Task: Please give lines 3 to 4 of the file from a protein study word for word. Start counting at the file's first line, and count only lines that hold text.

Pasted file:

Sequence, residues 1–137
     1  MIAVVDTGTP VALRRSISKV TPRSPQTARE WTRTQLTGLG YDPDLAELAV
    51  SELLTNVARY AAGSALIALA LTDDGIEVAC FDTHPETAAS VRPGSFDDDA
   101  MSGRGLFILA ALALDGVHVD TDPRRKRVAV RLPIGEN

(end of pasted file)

    51  SELLTNVARY AAGSALIALA LTDDGIEVAC FDTHPETAAS VRPGSFDDDA
   101  MSGRGLFILA ALALDGVHVD TDPRRKRVAV RLPIGEN